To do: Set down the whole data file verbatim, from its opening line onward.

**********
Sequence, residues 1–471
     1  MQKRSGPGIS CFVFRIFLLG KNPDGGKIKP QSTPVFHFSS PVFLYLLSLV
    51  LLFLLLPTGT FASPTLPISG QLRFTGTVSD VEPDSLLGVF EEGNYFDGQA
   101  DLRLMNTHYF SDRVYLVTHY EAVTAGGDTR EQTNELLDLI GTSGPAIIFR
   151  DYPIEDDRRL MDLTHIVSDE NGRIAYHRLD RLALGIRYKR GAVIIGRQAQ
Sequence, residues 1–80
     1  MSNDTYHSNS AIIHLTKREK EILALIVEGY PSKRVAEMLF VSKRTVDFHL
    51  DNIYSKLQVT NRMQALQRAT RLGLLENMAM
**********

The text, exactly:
Sequence, residues 1–471
     1  MQKRSGPGIS CFVFRIFLLG KNPDGGKIKP QSTPVFHFSS PVFLYLLSLV
    51  LLFLLLPTGT FASPTLPISG QLRFTGTVSD VEPDSLLGVF EEGNYFDGQA
   101  DLRLMNTHYF SDRVYLVTHY EAVTAGGDTR EQTNELLDLI GTSGPAIIFR
   151  DYPIEDDRRL MDLTHIVSDE NGRIAYHRLD RLALGIRYKR GAVIIGRQAQ
Sequence, residues 1–80
     1  MSNDTYHSNS AIIHLTKREK EILALIVEGY PSKRVAEMLF VSKRTVDFHL
    51  DNIYSKLQVT NRMQALQRAT RLGLLENMAM